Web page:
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What is a drivetrain warranty?

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by Emma Simon ConsumerAffairs Research Team
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Drivetrain coverage is the most basic type of warranty or vehicle service contract. It pays for repairs due to malfunctions or faulty parts but only for select components that transfer power from your vehicle’s engine to its wheels.


The basics

  • A drivetrain warranty covers the parts of a vehicle that transfer power, like the transmission, driveshaft(s), differential(s) and axle(s).
  • Drivetrain warranties do not cover any other parts of the vehicle.
  • Drivetrain warranties tend to last longer than other types of warranties, including powertrain warranties.

What does a drivetrain warranty cover?

A drivetrain warranty covers the parts of a vehicle that take power created by the engine and deliver it to the wheels. Depending on your vehicle and your contract, this may include its:

  • Clutch
  • Flywheel
  • Torque converter
  • Transmission
  • Transaxle
  • Driveshaft(s)
  • Transfer case
  • Differential(s)
  • Drive axle(s)

This is far from an exhaustive list, and some of the listed components are parts of larger systems.

A drivetrain warranty covers parts that deliver power to the wheels.

The exact parts you need to worry about covering depend on your vehicle’s transmission and drivetrain design.

  • Transmissions are normally categorized as either manual or automatic, though more options are available.
  • Drivetrain configurations include: front-wheel drive, rear-wheel drive, all-wheel drive and four-wheel drive.

For instance, only front-wheel drive vehicles have transaxles, and only four-wheel drive vehicles have transfer cases.

Regardless of your vehicle’s configuration, a drivetrain warranty should cover the parts essential to your vehicle’s functions. Read your contract carefully before signing to make sure it covers the components on your vehicle’s drivetrain.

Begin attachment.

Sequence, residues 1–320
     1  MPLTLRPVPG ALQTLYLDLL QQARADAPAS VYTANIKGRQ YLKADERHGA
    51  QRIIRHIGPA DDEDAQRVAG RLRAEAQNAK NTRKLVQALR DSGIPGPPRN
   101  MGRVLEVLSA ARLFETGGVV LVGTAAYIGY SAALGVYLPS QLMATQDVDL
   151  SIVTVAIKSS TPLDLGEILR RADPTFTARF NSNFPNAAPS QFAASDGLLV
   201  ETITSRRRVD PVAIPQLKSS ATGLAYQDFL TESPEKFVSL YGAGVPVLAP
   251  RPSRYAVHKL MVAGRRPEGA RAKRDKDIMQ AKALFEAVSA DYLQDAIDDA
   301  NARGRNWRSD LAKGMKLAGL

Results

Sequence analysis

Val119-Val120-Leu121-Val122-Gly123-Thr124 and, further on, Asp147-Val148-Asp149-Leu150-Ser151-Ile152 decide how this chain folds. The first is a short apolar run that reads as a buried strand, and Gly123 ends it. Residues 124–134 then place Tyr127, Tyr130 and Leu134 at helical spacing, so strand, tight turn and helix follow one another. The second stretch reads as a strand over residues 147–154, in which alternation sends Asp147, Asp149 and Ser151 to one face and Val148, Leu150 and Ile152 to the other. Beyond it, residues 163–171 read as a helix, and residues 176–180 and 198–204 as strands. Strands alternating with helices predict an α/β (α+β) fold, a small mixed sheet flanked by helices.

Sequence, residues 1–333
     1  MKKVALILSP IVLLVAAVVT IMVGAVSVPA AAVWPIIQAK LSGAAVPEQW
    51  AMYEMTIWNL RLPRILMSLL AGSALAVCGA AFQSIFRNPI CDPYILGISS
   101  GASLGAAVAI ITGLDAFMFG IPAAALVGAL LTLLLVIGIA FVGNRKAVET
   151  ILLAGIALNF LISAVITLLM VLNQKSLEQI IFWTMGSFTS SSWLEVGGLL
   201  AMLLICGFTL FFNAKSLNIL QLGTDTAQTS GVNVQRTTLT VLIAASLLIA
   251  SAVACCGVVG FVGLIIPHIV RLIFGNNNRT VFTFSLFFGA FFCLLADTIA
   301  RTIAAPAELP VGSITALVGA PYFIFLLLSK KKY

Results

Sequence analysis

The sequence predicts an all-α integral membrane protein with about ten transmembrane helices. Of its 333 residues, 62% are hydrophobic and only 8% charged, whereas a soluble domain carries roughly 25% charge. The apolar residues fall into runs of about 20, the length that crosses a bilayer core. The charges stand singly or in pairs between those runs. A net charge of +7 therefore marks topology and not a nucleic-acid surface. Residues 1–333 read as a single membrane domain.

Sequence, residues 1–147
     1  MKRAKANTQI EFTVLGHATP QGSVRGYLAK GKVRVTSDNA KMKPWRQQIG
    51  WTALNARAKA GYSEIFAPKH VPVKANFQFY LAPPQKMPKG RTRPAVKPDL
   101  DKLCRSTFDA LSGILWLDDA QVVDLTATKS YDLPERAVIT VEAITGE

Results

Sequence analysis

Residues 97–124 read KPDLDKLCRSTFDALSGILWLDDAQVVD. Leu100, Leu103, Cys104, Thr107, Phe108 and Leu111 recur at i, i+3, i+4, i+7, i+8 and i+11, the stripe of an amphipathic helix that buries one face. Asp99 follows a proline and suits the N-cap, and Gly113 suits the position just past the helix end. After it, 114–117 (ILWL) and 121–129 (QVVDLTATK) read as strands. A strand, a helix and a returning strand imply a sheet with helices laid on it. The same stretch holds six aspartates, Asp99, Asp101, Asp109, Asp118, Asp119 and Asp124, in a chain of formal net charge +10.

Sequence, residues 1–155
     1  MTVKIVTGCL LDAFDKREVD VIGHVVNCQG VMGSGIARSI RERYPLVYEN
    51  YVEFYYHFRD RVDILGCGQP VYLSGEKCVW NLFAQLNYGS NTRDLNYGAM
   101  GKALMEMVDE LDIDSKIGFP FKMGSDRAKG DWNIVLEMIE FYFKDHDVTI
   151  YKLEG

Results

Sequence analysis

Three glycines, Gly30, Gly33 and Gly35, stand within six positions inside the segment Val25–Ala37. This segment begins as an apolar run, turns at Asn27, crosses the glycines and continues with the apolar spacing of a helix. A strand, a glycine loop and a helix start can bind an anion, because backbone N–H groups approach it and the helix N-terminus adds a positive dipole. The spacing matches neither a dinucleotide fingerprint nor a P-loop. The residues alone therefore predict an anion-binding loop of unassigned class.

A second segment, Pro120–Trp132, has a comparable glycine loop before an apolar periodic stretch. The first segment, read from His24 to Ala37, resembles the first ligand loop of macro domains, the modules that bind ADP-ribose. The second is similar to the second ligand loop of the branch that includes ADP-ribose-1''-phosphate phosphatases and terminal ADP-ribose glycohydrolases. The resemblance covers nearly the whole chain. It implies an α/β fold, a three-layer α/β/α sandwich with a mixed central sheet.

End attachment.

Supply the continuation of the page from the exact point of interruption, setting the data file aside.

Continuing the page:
What does a drivetrain warranty not cover?

Drivetrain warranties only cover a small portion of your vehicle’s components. Most notably, a drivetrain warranty does not cover your vehicle’s engine. Also, while some sources list wheels as part of a vehicle’s drivetrain, most basic vehicle service contracts exclude wheels and tires from coverage.

Many other components may seem like part of your drivetrain but often aren’t covered, such as:

  • Fuel system components
  • Suspension components
  • Shocks
  • Bushings and bearings
  • Manual clutch assemblies (in some cases)
  • Custom or aftermarket parts

A drivetrain warranty only covers the specific parts that are listed on the service contract, and each contract provider has its own list. When choosing a drivetrain warranty, read the contract to make sure you know what’s actually covered.

Extended car warranties do not cover preexisting conditions, so your drivetrain components must be in good mechanical condition when you sign up — or you can't claim repairs. Be aware of payout limits for your policy, too.

Likewise, warranties only cover repairs due to malfunctions, breakdowns or faulty parts. If your axle is bent due to an accident, that’s up to your car insurance to fix.

Finally, check to see if you have to keep up with regular maintenance on your vehicle. If you fail to keep it in good working order, your warranty may be void.

Drivetrain warranty vs. powertrain warranty

The biggest difference between powertrain warranties and drivetrain warranties is that powertrain warranties cover engines along with all drivetrain components. While the drivetrain consists of all the parts that transfer power to the wheels, the powertrain consists of the parts that create and transfer that power.